I don't see why that would be needed. The iPod should be backed up to something. Even if the setting are not backed up to a computer or icloud, it would seem for that amount of money the firm supplying the app would provide a cloud based service to make the service device independent. What if the iPod no longer had charged and you wanted to use your phone?

It still seems kind of fishy.

Notice how they refused to address the issue (0)

Anonymous Coward | about three weeks ago | (#47779199)

Why do they think it is ok to screw over veterans like this? Why does their kind think it is good business to throw away $70,000.00? I know Republicans are stupid, but these xians are taking even farther. Screw them for trying to leave us armless and handless.

Re:Notice how they refused to address the issue (2)

techno-vampire (666512) | about three weeks ago | (#47779757)

What made you think that the vet got screwed over? He lost his legs and his arm, meaning that his disability is service connected and he's responsible for none of the costs related to it. I know; I have a minor service connected disability (hearing loss caused by being around too much outbound shore bombardment back in '72) and all of my hearing aids, batteries, repair and replacement are done at no charge.

Re:Notice how they refused to address the issue (-1)

Anonymous Coward | about three weeks ago | (#47781133)

Demanding someone give you $72,000.00 when you have no money or they will not allow you to use your arm is screwing someone over. I'd hate to see what you'd object to. Killing someone for missing a car payment?

Oh you Republicans are all alike.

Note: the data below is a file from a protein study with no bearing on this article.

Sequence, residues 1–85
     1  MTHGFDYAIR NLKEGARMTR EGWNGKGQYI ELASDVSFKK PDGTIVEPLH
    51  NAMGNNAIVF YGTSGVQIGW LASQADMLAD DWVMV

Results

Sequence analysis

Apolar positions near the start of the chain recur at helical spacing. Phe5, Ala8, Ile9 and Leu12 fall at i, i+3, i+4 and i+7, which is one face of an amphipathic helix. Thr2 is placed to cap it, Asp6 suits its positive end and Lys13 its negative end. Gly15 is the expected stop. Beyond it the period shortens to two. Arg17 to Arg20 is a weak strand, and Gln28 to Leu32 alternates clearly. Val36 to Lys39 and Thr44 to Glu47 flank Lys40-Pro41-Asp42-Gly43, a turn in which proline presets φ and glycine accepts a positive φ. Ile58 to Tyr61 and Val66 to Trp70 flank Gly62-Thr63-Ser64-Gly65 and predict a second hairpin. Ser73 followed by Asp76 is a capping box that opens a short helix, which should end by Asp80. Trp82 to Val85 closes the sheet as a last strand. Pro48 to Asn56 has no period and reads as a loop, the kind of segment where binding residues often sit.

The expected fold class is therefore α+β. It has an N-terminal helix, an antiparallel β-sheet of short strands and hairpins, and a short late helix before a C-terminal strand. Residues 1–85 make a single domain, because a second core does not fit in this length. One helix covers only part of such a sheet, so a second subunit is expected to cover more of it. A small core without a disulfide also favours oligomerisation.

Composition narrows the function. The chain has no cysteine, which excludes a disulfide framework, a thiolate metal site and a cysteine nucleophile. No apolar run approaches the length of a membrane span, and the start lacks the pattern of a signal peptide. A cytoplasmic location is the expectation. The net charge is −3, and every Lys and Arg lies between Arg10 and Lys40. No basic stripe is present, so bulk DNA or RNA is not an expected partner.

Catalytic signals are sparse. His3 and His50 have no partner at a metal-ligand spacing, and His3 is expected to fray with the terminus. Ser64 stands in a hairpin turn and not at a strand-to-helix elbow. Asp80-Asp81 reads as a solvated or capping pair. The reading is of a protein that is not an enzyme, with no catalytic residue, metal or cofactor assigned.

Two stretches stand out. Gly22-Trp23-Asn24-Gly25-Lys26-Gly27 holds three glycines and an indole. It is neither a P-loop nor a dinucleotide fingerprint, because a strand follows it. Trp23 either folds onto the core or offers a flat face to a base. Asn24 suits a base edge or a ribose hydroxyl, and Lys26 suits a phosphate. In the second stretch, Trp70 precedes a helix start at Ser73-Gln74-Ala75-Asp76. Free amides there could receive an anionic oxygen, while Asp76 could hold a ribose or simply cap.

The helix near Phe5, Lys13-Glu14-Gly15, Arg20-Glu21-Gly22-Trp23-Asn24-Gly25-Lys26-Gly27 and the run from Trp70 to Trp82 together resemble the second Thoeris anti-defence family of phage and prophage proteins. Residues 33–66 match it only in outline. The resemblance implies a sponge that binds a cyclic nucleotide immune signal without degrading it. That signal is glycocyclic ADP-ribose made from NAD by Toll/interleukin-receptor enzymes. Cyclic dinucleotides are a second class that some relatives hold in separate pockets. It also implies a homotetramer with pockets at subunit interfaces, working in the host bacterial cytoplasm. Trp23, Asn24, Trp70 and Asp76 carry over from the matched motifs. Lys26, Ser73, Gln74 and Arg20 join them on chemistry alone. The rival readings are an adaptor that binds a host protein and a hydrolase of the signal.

Re:Notice how they refused to address the issue (1)

techno-vampire (666512) | about three weeks ago | (#47781995)

If you'd bothered to RTFA, you might have kept your foot out of your mouth: "The money will come from the government, but a new hand is worth $75,000, authorities said."

Oh you Republicans are all alike.

Yet another pointless, irrelevant unproven argumentum ad hominum from an aptly named Anonymous COWARD.

Self-posting (0)

Anonymous Coward | about three weeks ago | (#47779229)

As far as I'm concerned self-posting is perfectly fine. The only problem is that you should be careful to only submit articles that fit the site. Even there, it's the editors responsibility to only admit suitable posts. Given the circumstances, this was probably the best way to proceed.

Oh, and someone else already said, but thanks again. It's good that at least one member of the media thought to check with the principals before publishing. Maybe Touch Bionics will sue some of those involved with the incorrect story. It seems that the media could use some incentive to fact check before publishing. And unlike many cases, they don't have to worry about the Streisand effect--they've already gotten the bad publicity.

Facebook post... (0)

Anonymous Coward | about three weeks ago | (#47779235)

In the original slashdot story's post, an AC posted this comment:

https://www.facebook.com/pages... [facebook.com]

have a look at his comment.

I don't do FB, anyone here that knows if this is pertinent?

Speaking of unsubstantiated statements of fact (1)

Anonymous Coward | about three weeks ago | (#47779325)

Submitter wrote in his TFA:

The Daily Mail, in a rare instance of actual reporting, did at least take note of Eberle’s Facebook post.)

I keep seeing this here on /. and other sites, but is it really true? Is the Daily Mail any worse than any other media outlet, like CNN, the NY Times, Spiegel, etc.? Or is this just one of those internet born factoids that's been passed around so often that its just accepted as to be true, and is mindlessly repeated by careless individuals who didn't bother to verify its veracity?